Ex-Confederates formed the KKK in December of 1865, soon after the Civil War ended. General Nathan Forrest was the first Grand Wizard, but in reality, he had little control over the nation-wide organization. The Klan was a network of autonomous cells acting on their own initiative.

Between 1865 and 1871, the KKK waged a terrorist campaign to supress Republican votes and prevent blacks from establishing independent farms. A military campaign destroyed the KKK through harsh measures and a temporary suspension of civil rights.

It can be debated whether the KKK was a terrorist organization or a Confederate Insurgency. The Federal government explicitly labeled the KKK as a “terrorist organization” in 1868. Technically, it does not matter much, because either way the KKK was a mixture of secret societies engaging in political violence. I’m only concerned with its structure and the strategy behind its attacks.

When Forrest became the first leader of the Ku Klux Klan, Northerners saw as proof of the South’s extended rebellion. The New York Times on January 20, 1868 called it a “rebel organization” comprised of “ignorant reckless young men.”

Harper’s Weekly summarized the “evil” KKK activities in 1868:

The confession of defeat does not prove the annihilation of wrong. The very first attempt made by the Southern Legislatures, assembled under President Johnson’s provisional governments, was to revive a system of partial slavery by a continuance of the old slave code. That attempt was baffled by the passage of the Civil Rights Bill….

Then it was that the Ku-Klux organization sprang into being. The object of this secret society was the accomplishment by intimidation and murder of that which open war first and unjust legislation afterward had failed to secure…its members, in ceremonial disguise, wearing sepulchral masks, and courting the aid of darkness, have murdered without stint, and where they have not murdered they have used intimidation. They have been aided by the proscription of Union men, and by the denial of labor to negroes who refused to vote the Democratic ticket. The result of these violent means of exercising political power are plainly evident in the late election returns of the Southern States.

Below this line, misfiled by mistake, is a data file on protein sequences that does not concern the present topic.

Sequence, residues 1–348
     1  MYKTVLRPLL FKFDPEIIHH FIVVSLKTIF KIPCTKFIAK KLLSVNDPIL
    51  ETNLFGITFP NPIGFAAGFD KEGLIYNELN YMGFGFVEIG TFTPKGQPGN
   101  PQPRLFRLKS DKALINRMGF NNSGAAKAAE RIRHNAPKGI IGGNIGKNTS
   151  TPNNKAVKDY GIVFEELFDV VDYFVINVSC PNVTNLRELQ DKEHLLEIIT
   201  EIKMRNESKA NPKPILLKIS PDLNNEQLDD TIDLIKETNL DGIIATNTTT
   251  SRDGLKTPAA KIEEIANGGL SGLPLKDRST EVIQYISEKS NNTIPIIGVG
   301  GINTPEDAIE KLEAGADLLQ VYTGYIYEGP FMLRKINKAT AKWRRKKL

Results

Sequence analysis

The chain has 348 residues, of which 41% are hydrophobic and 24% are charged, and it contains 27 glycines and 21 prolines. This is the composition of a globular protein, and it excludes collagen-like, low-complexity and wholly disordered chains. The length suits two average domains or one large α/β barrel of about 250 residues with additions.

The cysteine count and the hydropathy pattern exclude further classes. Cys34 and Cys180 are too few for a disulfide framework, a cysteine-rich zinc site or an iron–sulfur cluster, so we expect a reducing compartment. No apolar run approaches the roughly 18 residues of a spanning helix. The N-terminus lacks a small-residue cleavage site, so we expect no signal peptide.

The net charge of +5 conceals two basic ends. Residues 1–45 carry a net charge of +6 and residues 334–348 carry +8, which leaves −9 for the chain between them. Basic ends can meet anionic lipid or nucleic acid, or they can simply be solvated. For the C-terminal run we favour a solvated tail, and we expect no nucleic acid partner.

How was the Ku Klux Klan organized?

Elaine Frantz Parsons described the makeup of the Klan(quote from wikipedia):

Lifting the Klan mask revealed a chaotic multitude of antiblack vigilante groups, disgruntled poor white farmers, wartime guerrilla bands, displaced Democratic politicians, illegal whiskey distillers, coercive moral reformers, bored young men, sadists, rapists, white workmen fearful of black competition, employers trying to enforce labor discipline, common thieves, neighbors with decades-old grudges, and even a few freedmen and white Republicans who allied with Democratic whites or had criminal agendas of their own. Indeed, all they had in common, besides being overwhelmingly white, southern, and Democratic, was that they called themselves, or were called, Klansmen.

The broad range of targets encouraged many individuals to join the Klan for different reasons. Some white businessmen joined to suppress black competition, others helped Democrats win elections, others because they were hate-filled lunatics, others were opportunistic criminals who just wanted to rob blacks.

The Klan is a classic example of a network insurgency. It was entirely decentralized with independent bands acting in concert through a common ideology. The cells recruited members who acted for any number of personal reasons making each cell unique. It is difficult to describe what the Klan was since it lacked coherency.

Ku Klux Klan Strategy
The Ku Klux Klan concentrated their terror campaign against the Republicans and Blacks. They attacked and intimidated school teachers, Republican politicians, black farmers and businessmen with the intent of suppressing Republican votes and economic independence for blacks.